EE have been fined £2.7 million by Ofcom, after the mobile operator overcharged 40,000 customers for roaming in the EU.
The fine stems from two separate but related violations. Firstly, EE had overcharged at least 32,145 customers phoning their "150" customer service number from within the EU, billing them as if they'd been calling from the United States.
Secondly, Ofcom found that, even though EE had made it free for customers to phone their "150" number from November 2015, they continued billing 7,674 customers for the privilege up until January 11th 2016.
Together, these costly blunders put customers £247,903 out of pocket, although EE have been able to refund the majority of them. It just remains to be seen whether having to make such a refund and to pay the Treasury nearly £3 million will motivate the operator to avoid making similar errors in the future.
In fact, the fine would have been £3 million, except that EE received a "10% reduction" for agreeing to cooperate and settle with Ofcom, who launched their investigation into EE in January 2016.
Soon after beginning this investigation, Ofcom found that EE had contravened the General Conditions of Entitlement between July 1st 2014 and July 20th 2015, and then again between November 18th 2015 and January 11th 2016.
The beginning of the first period - July 1st 2014 - coincides with the EU reducing roaming charges for travellers, as part of their plans to end them completely by June 2017.
However, EE's violation isn't directly related to this reduction. Instead, it arose from decisions taken in 2008, when EE instructed their third-party data clearing house to remove the UK international dialling code (+44) from the records of customer calls made to certain "short code" numbers.
This included EE's "150" customer service number. Because this number begins with a "1", EE's billing system was therefore made to think that people phoning the customer service line were calling the United States.
As a result, customers phoning for help while in the EU were charged £1.20 a minute, costing them £245,700 in total.
As bad as this mistake was, what makes it worse in Ofcom's eyes was that EE didn't take sufficient steps to identify or correct it.
For instance, Ofcom's investigation concluded that, in addition to giving their data clearing house instructions that led to the overcharging, EE didn't bother to "check [that] these instructions were implemented correctly".
Neither did they "test the tariff changes that produced the overcharging either beforehand or when it implemented them", a failing which also relates to the second instance of overbilling.
Finally, when they learned of the issue, EE didn't warn customers. This was mainly because they'd "wrongly decided" they couldn't identify the people affected and reimburse them, a conclusion helped by their failure to notify the company that approves their billing system.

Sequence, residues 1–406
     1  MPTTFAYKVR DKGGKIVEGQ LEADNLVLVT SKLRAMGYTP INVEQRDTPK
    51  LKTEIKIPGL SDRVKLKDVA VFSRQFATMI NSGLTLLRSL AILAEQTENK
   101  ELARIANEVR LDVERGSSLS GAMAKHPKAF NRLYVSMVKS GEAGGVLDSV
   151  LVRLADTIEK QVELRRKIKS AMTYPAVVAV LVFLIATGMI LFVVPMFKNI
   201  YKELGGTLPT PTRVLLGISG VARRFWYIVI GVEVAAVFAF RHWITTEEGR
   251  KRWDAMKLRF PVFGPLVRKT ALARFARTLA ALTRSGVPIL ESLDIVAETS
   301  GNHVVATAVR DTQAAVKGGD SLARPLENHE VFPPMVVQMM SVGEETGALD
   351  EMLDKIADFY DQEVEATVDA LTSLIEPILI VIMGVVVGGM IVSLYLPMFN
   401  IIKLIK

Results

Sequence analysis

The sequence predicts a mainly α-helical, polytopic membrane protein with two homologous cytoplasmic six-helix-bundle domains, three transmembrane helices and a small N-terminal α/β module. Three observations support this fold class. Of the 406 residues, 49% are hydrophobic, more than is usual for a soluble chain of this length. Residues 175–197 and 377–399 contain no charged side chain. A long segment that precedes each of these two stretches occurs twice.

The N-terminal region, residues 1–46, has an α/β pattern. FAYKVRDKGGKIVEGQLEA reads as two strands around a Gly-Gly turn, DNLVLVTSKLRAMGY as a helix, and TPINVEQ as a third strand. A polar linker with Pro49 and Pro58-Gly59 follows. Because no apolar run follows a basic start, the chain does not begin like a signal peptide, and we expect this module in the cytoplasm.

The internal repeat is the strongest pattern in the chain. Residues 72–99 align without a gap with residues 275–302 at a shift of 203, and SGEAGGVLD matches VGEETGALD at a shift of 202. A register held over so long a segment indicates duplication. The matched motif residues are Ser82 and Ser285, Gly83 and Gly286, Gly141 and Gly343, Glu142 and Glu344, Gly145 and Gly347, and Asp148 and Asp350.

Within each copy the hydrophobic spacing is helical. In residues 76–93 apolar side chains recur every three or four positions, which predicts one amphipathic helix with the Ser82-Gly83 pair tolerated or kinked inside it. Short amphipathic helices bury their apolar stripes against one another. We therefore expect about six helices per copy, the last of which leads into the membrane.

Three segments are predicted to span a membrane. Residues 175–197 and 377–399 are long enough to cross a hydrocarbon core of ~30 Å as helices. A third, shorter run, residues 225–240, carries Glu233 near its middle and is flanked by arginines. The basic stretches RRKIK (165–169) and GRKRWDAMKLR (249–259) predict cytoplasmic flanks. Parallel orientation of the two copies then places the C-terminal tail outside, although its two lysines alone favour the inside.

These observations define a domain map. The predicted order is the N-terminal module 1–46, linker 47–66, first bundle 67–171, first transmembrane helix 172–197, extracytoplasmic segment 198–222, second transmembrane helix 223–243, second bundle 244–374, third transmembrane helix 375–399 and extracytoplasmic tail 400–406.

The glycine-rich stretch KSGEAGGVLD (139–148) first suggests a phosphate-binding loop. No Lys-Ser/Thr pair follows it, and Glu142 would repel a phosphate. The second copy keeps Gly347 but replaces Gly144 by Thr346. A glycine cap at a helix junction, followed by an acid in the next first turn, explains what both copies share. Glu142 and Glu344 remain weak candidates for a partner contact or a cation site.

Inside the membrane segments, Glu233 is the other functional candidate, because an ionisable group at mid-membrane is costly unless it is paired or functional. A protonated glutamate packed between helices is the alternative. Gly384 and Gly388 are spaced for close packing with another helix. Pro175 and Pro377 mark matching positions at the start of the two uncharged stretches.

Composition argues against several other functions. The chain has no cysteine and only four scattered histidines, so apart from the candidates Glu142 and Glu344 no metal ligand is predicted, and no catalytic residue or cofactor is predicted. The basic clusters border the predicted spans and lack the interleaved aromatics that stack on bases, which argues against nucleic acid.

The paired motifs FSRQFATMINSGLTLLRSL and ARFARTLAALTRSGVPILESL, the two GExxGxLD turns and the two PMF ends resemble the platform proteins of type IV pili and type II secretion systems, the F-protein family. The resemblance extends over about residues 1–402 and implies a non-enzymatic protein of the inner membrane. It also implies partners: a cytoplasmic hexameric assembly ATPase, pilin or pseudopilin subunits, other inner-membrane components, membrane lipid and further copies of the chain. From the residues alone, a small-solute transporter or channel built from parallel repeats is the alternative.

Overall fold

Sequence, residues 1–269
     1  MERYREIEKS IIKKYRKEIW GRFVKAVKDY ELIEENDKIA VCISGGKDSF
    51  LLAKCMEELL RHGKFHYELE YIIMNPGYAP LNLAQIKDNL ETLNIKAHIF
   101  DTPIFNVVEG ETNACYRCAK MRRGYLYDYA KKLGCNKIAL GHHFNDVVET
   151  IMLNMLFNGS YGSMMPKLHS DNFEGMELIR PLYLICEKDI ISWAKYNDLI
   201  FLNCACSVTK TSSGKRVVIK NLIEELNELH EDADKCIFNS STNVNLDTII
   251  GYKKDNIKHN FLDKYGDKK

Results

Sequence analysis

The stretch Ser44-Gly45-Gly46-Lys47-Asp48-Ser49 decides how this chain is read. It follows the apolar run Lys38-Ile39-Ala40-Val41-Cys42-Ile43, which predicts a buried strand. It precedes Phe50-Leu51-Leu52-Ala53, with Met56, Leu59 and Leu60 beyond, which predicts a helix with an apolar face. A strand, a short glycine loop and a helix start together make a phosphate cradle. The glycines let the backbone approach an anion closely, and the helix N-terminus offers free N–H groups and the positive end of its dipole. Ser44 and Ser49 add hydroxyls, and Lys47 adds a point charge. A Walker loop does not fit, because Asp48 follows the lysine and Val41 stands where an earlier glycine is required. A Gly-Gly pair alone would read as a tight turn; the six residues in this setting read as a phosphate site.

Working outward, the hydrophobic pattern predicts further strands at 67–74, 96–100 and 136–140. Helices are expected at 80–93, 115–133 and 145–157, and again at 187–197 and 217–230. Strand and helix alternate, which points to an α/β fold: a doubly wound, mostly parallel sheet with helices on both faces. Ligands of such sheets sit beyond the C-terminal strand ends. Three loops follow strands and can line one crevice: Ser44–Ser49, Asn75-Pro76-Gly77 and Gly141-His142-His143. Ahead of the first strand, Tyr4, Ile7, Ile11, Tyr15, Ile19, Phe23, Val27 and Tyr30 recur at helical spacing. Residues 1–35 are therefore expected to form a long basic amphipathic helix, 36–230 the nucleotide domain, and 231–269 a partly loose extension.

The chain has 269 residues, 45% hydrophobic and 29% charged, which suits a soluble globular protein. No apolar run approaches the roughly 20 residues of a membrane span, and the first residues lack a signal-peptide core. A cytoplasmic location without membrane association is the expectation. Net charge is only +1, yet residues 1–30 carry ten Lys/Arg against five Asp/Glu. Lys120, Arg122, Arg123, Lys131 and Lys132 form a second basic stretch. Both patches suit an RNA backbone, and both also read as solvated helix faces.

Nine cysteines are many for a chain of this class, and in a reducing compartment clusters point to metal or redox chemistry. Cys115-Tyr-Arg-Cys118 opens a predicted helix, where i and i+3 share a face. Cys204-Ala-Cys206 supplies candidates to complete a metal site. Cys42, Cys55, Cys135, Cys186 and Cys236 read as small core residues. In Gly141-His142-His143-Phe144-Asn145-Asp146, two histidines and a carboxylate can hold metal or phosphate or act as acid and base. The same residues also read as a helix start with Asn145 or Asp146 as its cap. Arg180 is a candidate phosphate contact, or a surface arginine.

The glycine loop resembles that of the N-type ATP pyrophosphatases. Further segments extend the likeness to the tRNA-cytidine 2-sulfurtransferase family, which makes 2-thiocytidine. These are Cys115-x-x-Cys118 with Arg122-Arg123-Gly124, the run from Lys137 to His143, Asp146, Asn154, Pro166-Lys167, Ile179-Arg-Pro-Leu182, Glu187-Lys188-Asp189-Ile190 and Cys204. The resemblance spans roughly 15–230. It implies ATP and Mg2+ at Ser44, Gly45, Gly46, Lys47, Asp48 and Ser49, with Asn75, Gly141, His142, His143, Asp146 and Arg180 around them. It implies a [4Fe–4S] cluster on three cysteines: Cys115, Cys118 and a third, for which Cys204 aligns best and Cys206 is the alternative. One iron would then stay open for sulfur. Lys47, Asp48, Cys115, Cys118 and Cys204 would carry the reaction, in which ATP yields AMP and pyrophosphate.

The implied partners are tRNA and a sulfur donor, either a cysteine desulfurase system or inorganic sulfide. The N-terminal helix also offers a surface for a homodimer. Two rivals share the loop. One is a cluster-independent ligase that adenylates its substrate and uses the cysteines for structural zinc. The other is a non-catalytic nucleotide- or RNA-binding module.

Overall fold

And together, such actions were grounds for Ofcom to conclude that EE "acted carelessly or negligently".
While such a conclusion shows that a £2.7 million fine is entirely justified, it's worrying insofar as it suggests the possibility that more violations by EE and other operators are likely, irrespective of how the mobile industry is regulated.
That's because, rather than simply being the result of a system flaw that has now been identified and rectified, it was fundamentally the result of carelessness and negligence, of EE being too complacent to watch itself closely.
And while the imposition of a fine might provide EE with motivation to be less careless in the future, the fact that they've been fined in the past for other failings suggests that this might not be the case.
For example, in July 2015 they were fined £1 million for "failing to follow rules on customer complaint handling", and while they've reduced the number of complaints they receive regarding their mobile service since then, they still receive a high level of complaints regarding their landline and broadband services.
Similarly, they admitted in October 2014 that they'd been overestimating the amount of data used by their customers, something that appears to have been repeated by the error they're being fined for today.
This therefore doesn't bode too well for their having a 100% squeaky-clean future, even though they've apologised "unreservedly" for the overcharging.
A spokesperson for them told us, "We have put measures in place to prevent this from happening again, and have contacted the majority of customers to apologise and provide a full refund".
They have in fact even donated £62,000 to charity in view of their failure to identify almost 7,000 affected customers. However, it's almost certain that such customers would much prefer to be reimbursed as well, and for similar overcharging to never happen again.
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